You are the founder of Planting People Growing Justice™ Leadership Institute, can you explain more about the organization?
I founded our nonprofit, Planting People Growing Justice Leadership Institute, which focuses on promoting literacy and diversity in books. Our goal is to end the nation’s reading crisis. This is personal for me because far too many of my clients learned how to read while in prison. What a miscarriage of justice. This meant my clients could not read their indictments or advocate effectively for their rights. This is a widespread challenge when over 60 percent of offenders are illiterate and 85 percent of youth in juvenile facilities cannot read. According to the Department of Justice, “The link between academic failure and delinquency, violence, and crime is welded to reading failure.”
This is evidenced by the fact that one in four American children cannot read at grade level by fourth grade. When you are unable to read at this point, you are four times to drop out of school. You are also three and a half times more likely to be arrested during your lifetime. I was determined to eliminate one of the key entry points into the tangled web of mass inceration by focusing on literacy.
At Planting People Growing Justice, we are committed to growing futures. One book at a time, one child at a time. To date, we have donated over diverse 15,000 books and inspired 5,000 students through our school visits. We host our award-winning Leaders are Readers program at schools and community organizations. By having diverse authors read their books and share their multicultural stories, we aim to encourage reading and inspire future BIPOC literary artists to share their own stories. Our read-aloud events promote cultural preservation and reflect their rich cultural heritage.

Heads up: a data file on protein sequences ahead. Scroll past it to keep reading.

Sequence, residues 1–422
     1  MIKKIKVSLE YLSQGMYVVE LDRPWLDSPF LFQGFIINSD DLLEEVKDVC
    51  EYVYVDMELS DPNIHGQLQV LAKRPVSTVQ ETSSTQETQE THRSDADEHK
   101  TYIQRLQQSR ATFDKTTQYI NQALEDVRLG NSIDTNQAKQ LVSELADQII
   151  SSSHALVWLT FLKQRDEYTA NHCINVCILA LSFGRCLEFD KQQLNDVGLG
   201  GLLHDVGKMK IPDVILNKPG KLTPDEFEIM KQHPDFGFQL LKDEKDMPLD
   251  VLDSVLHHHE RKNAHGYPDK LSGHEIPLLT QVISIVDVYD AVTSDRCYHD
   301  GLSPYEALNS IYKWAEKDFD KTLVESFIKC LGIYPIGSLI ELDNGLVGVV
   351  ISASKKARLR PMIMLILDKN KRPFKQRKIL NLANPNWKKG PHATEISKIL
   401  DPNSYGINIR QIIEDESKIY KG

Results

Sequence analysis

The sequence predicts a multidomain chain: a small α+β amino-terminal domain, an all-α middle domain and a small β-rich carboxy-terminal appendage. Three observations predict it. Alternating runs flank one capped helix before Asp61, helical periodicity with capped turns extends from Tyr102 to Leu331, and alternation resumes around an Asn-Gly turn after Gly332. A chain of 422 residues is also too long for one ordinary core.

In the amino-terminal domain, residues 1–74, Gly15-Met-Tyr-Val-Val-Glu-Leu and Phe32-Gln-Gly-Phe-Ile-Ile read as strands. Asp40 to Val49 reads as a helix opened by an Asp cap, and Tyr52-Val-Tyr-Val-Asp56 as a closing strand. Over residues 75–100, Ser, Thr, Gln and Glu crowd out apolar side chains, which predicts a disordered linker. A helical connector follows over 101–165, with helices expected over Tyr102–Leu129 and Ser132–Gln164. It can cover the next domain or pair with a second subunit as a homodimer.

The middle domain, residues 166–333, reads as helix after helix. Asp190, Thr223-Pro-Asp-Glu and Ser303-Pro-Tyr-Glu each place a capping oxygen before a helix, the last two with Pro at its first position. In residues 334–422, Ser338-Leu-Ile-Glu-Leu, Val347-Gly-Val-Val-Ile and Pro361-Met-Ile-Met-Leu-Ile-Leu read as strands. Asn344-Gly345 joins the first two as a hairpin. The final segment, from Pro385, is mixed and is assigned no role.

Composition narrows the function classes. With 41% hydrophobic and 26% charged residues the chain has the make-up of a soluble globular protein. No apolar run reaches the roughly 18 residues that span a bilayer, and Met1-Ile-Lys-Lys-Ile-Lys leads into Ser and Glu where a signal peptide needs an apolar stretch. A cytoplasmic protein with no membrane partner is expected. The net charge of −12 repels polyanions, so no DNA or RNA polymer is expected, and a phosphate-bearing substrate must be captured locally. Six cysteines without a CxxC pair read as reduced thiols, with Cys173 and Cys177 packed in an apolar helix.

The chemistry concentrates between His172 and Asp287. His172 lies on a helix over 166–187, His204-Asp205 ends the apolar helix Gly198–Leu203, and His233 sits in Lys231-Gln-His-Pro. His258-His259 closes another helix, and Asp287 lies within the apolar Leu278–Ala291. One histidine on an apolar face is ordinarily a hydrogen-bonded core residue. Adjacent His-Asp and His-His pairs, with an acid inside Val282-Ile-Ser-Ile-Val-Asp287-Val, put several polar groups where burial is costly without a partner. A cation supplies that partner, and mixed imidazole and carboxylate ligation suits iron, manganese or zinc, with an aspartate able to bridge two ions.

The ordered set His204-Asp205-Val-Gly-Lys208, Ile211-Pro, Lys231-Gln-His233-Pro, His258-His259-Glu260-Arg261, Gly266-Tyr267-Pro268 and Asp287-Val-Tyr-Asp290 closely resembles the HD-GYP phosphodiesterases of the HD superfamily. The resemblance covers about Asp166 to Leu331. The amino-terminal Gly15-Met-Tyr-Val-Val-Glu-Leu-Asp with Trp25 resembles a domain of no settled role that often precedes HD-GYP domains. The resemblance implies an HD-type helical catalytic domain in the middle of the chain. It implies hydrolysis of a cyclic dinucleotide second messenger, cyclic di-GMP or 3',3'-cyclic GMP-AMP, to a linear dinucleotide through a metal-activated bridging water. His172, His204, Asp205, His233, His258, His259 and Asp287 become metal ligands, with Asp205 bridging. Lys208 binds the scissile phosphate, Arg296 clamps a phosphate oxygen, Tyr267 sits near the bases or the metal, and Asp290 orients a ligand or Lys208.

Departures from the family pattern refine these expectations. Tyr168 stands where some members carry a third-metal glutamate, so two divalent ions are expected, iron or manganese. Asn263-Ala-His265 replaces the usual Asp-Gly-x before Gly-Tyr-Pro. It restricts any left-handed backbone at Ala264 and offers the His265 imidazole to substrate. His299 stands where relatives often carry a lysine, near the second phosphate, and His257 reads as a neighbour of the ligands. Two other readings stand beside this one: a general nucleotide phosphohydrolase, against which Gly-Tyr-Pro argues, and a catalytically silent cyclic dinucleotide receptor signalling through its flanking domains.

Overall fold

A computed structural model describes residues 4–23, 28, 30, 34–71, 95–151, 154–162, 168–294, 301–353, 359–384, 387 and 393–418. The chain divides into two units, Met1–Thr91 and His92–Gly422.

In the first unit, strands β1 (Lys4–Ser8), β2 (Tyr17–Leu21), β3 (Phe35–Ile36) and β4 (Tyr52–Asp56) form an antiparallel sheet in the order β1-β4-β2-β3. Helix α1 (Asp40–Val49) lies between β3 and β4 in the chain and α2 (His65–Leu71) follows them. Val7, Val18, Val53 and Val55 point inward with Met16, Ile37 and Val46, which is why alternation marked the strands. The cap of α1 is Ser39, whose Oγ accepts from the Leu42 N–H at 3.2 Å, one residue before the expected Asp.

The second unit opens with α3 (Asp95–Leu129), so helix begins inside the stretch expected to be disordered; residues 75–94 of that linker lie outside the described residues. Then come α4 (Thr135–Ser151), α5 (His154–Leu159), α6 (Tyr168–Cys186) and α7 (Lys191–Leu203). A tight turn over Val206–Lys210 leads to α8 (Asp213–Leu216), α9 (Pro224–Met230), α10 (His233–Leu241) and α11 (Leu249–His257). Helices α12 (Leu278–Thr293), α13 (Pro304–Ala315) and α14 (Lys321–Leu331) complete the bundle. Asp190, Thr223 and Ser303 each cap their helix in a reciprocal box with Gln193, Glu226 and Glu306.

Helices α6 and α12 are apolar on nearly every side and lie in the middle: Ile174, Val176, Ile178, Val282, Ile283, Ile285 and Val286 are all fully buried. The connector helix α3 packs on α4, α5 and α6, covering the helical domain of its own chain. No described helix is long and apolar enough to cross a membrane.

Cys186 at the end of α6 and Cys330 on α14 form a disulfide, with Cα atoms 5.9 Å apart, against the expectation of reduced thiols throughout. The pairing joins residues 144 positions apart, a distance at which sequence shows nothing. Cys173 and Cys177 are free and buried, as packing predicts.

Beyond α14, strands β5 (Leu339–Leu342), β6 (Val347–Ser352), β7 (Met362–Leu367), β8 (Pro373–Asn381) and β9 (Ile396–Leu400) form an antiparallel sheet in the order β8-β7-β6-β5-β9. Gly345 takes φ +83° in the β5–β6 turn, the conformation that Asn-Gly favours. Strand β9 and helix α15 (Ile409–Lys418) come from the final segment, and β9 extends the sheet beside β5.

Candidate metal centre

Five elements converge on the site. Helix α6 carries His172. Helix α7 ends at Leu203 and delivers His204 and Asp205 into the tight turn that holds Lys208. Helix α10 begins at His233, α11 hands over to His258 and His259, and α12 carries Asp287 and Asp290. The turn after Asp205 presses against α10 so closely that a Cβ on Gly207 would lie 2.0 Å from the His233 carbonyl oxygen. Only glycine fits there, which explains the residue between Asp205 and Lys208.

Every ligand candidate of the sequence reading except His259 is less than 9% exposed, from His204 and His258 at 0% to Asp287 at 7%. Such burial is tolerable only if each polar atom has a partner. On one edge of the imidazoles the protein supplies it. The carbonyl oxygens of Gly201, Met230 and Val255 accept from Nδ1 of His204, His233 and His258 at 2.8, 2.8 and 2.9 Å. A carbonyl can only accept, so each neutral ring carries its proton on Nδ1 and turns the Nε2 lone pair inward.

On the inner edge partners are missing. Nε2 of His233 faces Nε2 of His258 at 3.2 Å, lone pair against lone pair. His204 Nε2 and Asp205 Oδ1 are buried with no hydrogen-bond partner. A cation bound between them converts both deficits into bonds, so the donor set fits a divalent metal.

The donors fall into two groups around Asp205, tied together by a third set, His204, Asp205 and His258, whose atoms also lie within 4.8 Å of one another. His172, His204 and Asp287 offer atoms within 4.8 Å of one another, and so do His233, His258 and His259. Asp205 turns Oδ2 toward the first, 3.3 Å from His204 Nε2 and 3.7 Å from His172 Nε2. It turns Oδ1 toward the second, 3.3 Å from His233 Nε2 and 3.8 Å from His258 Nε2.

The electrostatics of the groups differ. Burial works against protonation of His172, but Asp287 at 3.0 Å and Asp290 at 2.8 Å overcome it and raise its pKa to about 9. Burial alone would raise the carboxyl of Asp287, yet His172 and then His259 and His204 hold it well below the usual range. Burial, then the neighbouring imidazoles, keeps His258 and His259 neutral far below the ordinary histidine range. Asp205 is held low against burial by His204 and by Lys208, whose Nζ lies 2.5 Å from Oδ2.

There is a concern that not everyone is equal when it comes to the law, and only those with money can properly defend themselves, would you agree with that, and if so, how would you like to see that change?
It is our responsibility as lawyers to provide the support and resources needed to create equal access to justice. Human Rights lawyer and founder of the Equal Justice Initiative Bryan Stevenson warns, “we have a system of justice in this country that treats you much better if you're rich and guilty than if you're poor and innocent.” Through our probono work, we can bridge some of these gaps. We can help those in need to not only understand their legal rights but also provide the legal representation needed to protect their rights.